In May 2014, Tiger commenced copper cathode production at Kipoi. Could you provide us with an overview regarding this project history?
Tiger’s management was looking for projects in Asia, hence the company’s name Tiger, which is appropriate in Asia, and our current Chairman, who at the time was a Consultant to the Board, Neil Ferris had some contacts in DRC. They got wind of the Kipoi project he negotiated, and David Constable, who was Managing Director, came in and drove the exploration programme. Back in 2008 raising finance in DRC was challenging, especially from banks, but we could still receive certain amounts from shareholders.
Since 2007 at Kipoi Tiger conducted exploration work and prepared a feasibility study for the first stage operations. We then achieved production status in May 2011 and continued to produce successfully through 2012 and 2013. The cash generated was used to build the second stage of the project a solvent extraction and electrowinning plant (SXEW) fed from a heap leach from which we have now achieved commercial production status. Remarkably, at Kipoi, Tiger entered into production within four years of operations while most base metal mines take, on average, ten years. Tiger’s SXEW plant is the fastest ever built plant in DRC and one of the fastest worldwide. Our plant’s capacity is currently of 25000 t/y, with the intention of going up to 50,000 t/y throughout the next stage of development. Tiger has also commissioned the heap leach from the agglomerator to the stacker of the SXEW plant which is operating as expected. Our wider aim in DRC consists in assisting the country in producing more than 1 million t of copper in 2014 and in 2013 Tiger produced 41,255 t exceeding our plants capacity of 36,000 t/y.
Power related issues and amendments to the mining code remain key challenges for the mining industry in Katanga. How has the situation evolved recently and how do these issues affect Tiger?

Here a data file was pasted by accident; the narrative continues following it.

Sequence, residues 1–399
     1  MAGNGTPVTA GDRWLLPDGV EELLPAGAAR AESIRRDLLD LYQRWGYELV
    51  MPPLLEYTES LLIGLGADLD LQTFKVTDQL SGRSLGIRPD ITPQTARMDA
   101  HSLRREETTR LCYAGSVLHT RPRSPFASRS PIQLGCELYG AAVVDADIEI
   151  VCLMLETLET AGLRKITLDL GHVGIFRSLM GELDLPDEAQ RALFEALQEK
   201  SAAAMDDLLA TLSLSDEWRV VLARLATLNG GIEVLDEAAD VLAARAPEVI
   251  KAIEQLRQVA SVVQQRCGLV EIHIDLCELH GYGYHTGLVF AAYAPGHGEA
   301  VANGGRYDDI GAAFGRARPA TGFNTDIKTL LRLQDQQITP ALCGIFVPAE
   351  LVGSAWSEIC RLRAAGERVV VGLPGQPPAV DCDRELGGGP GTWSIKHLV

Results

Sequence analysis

Tiger believes that the government is going to come to a consensual position regarding amendments to the mining code. The authorities in the DRC recognise the importance of international investment in the country and once amendments to the code are agreed the environment will stabilize in terms of prospects for future growth. The real concern now, however, is a more practical issue; logistics, energy or both are a priority. Tiger is connected to the electrical grid and runs on generators, at a cost of 45 cents a kilowatt/hour compared to the 5.6 cents a kilowatt-hour from the national grid with DRC’s National Electricity Company (‘Snel’). We will be investing in the SNEL network to ensure that we can get the power we need. At Shilatembo, the switching station is being refurbished and used as a take off point for the Kipoi supply, some 27 Km south. This will lead to an increase in capacity on the line from 90 MVA to 120 MVA. Overall, the investment cost is of approximately 17 million dollars, which is feasible considering that it will increase network capacity of 25 per cent and will decrease energy losses by 20 MW. The other project currently underway is an energy efficiency project for which we have 380,000 light bulbs already being delivered that will lead to 40-80 MW power saving.